As for clues to this season’s upcoming finale, all I can convey is what I saw. During a recreation of the winning Restaurant Wars dinner from episode nine, prepared by four chefs, three of whom are moving on to the finale in Paris (sorry, Amar Santana), Tom’s clear favorite seemed to be Kentuckian Sara Bradley’s take on “Cullen Skink.” Out of the corner of my eye I watched Colicchio polish off his plate of smoky, deconstructed seafood chowder in about 40 seconds. He was finished before Bradley had even introduced the dish to the room. With God as my witness, he even dragged his finger through a spare bit of sauce and licked it off. So maybe the presumed favorite, Buddha Lo, isn’t as much of a lock as most Top Chef watchers seem to think.
GQ: What’s it been like shooting in London for the new season? Has the food been any different, flavor-wise?
Tom Colicchio: No, I think the difference this season is that the chefs have all competed on Top Chef in their own countries. So there’s contestants from Poland, there’s contestants from Germany, Thailand, Brazil, France, Canada, America. Probably missing a few, but they did bring in their own culture and sensibilities. But nothing tastes so different.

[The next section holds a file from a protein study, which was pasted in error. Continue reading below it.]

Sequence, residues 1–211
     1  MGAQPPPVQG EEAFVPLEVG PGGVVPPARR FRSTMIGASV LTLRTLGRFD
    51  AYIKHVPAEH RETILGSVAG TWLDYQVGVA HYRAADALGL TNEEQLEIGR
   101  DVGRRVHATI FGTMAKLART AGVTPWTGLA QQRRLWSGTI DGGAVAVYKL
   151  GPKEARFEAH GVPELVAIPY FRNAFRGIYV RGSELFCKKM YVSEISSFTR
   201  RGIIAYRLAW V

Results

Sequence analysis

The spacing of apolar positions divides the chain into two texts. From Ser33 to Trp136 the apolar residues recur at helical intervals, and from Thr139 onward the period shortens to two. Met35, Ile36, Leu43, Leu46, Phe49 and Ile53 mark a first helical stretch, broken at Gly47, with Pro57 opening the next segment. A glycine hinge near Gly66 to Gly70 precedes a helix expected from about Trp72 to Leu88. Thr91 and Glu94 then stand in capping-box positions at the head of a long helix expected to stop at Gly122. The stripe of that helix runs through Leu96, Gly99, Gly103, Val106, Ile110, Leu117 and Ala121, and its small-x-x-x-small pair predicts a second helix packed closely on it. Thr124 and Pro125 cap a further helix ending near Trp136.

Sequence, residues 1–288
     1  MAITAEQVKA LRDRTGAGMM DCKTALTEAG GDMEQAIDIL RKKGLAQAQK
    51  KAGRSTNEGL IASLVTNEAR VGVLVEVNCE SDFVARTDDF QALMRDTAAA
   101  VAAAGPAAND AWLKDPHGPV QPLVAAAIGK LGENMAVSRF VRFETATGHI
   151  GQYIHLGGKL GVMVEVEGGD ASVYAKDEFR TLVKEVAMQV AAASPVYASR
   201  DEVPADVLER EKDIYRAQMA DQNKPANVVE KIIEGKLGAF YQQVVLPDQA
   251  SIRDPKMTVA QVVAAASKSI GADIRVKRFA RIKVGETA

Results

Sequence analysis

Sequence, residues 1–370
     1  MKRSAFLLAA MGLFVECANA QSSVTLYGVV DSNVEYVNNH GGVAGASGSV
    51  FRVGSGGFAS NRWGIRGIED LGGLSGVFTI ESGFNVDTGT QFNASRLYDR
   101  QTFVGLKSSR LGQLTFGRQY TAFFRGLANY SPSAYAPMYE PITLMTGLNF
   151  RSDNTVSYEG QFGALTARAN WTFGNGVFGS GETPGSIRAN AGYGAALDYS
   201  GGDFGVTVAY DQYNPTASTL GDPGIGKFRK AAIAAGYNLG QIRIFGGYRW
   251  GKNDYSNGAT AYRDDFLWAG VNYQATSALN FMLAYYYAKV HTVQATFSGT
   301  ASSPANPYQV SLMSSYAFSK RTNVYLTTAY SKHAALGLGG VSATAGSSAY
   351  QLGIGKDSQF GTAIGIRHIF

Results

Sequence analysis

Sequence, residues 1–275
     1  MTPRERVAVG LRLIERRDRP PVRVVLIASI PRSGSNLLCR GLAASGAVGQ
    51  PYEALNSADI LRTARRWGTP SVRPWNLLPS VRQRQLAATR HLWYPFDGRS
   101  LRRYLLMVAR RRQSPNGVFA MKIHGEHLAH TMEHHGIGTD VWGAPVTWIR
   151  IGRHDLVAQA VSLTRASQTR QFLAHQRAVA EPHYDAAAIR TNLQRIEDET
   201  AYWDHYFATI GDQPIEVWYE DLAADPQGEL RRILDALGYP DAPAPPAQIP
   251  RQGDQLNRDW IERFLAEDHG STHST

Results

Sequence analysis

Not even from having to shop at different places than they do normally on the show?
I mean, the food there is spectacular. I was living in Notting Hill and there was a store around the corner called Notting Hill Fish and Meat. Stuff there was extraordinary. Especially the cream and cheese and butter and meats and stuff. But no, wherever you go, there’s good food.
After 20 seasons of doing this, are there specific dishes that you still think about?
You know what? I’ll be honest with you. I forget them almost immediately. Like, right now, I couldn’t tell you what they’re making for Restaurant Wars. Anybody. And we shot in August, September, October. I don’t remember the dishes. The season is over.
From your years working in the kitchen, do you have a worst kitchen injury? Any kitchen scars?